Director: John Huston
Genre(s): Crime, Drama, Thriller
Runtime: 100 minutes
MPAA Rating: Not Rated
The crime-thriller Key Largo would be the fourth and final onscreen collaboration between husband-wife acting duo Humphrey Bogart and Lauren Bacall. Set in Key Largo, Florida, a small group of gangsters led by Johnny Rocco (Edward G. Robinson) hold the visitors to an ocean-side hotel, including World War II veteran Frank McCloud (Humphrey Bogart), hostage in the middle of a hurricane. Another captive is Nora Temple (Lauren Bacall), who was made a widow by the 1939-1945 war and who sets her eyes on McCloud.
Key Largo is based on a 1939 play with the same name, and sometimes it shows. Most of the action takes place in the Hotel Largo and this sometimes causes the movie to verge on talkiness. Still, the film is blessed with a sweaty atmosphere and the script is pretty good, too. It never really feels claustrophobic in a bad sort of way, and the final shootout gives the flick a chance to breathe.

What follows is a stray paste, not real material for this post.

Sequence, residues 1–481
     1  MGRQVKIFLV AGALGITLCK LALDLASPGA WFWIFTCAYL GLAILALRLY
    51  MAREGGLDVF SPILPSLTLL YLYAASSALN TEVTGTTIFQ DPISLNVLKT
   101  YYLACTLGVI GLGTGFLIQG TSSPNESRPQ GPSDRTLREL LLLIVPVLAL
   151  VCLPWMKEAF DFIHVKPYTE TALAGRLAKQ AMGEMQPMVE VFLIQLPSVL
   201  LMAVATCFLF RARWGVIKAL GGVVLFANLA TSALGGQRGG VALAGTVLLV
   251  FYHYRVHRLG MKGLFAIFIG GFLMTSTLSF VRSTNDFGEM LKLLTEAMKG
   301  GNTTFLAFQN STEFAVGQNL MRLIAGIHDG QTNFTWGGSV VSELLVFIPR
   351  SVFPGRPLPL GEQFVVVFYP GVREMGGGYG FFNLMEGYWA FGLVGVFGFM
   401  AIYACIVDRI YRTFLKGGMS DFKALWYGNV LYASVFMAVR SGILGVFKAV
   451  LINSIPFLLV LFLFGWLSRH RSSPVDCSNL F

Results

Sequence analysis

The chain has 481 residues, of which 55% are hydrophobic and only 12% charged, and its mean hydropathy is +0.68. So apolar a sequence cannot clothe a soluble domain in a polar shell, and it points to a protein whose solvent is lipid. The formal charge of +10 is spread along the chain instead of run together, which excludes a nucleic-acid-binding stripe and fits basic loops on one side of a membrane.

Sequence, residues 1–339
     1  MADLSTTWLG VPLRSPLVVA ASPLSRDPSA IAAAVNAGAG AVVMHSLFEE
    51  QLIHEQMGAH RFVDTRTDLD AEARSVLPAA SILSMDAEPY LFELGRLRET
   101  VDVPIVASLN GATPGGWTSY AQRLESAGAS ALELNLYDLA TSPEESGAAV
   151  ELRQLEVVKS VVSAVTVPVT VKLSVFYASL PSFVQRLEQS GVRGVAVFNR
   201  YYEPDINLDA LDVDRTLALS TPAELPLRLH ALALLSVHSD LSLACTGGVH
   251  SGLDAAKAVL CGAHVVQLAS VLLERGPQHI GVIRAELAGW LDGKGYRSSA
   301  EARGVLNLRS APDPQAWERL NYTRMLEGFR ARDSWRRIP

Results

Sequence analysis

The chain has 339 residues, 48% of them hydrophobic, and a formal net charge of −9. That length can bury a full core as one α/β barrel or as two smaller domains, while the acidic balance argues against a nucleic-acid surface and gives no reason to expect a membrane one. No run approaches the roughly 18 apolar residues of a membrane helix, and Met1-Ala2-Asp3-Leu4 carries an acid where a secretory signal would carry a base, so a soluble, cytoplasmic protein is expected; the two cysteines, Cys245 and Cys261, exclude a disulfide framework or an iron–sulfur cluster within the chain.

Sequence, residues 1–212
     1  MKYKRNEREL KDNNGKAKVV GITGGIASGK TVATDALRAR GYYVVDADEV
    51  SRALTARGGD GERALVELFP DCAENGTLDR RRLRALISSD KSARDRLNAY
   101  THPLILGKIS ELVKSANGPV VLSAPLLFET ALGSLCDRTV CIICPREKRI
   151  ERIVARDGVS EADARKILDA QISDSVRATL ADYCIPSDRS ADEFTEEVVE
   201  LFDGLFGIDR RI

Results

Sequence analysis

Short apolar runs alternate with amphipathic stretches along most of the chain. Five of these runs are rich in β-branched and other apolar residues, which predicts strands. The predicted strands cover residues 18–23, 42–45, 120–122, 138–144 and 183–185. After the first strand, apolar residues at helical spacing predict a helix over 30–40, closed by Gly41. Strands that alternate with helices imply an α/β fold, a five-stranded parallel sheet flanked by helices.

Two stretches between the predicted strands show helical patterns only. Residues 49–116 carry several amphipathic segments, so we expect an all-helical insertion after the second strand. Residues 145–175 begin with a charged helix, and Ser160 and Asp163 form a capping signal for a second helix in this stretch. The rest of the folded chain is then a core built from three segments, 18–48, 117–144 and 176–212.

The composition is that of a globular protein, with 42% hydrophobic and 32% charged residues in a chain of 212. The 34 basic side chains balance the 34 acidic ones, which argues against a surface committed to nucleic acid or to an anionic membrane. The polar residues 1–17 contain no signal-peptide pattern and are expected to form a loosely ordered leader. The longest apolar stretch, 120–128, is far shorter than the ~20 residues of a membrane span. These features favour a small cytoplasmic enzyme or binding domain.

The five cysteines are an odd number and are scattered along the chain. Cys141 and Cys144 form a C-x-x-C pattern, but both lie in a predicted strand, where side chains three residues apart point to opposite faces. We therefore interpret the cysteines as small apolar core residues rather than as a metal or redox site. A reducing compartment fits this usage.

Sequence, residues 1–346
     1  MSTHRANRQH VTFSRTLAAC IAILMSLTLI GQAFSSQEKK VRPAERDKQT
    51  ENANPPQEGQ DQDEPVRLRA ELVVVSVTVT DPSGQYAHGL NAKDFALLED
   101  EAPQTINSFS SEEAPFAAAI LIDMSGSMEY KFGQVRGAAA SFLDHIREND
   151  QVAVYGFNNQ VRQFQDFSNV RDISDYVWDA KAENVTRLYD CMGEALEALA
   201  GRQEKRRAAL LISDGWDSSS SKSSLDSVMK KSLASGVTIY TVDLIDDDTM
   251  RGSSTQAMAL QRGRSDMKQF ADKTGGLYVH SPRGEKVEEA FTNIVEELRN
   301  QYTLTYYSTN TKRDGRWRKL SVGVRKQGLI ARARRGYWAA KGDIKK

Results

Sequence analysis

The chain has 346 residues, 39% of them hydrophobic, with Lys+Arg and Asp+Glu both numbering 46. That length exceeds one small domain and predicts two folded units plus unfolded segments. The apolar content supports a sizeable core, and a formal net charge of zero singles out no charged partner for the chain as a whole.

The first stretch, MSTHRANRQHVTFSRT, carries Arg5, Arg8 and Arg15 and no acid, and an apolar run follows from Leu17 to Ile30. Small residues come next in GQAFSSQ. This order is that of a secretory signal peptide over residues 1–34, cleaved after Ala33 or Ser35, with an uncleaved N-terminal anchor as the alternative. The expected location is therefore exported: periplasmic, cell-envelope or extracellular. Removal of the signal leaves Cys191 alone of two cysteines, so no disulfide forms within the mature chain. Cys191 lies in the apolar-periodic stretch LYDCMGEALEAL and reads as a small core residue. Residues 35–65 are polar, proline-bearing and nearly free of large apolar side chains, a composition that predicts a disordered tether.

This feature is usually classified as a film-noir, and it has a mercifully straightforward plot for a motion picture done in that style. I’m frequently turned off by the twisty-turny stories that noirs often employ, but Key Largo is refreshingly simple. Plus, it’s just fun to see two of the greatest icons of black-and-white gangster movies, Humphrey Bogart and Edward G. Robinson, square off against each other in such a well-made flick.
Key Largo is a likeable mobster-noir drama with several swell performances. It’s not an action picture (though the final moments of gunplay do satisfy), but it still manages to keep the audience engaged. In a way, it feels like a reverse version of The Petrified Forest (1936). In that film, Bogie plays a criminal who holds a Western American diner hostage, and in this movie, Bogart is a prisoner to a gangster takeover of a building orchestrated by a different actor.
My rating is 7 outta 10.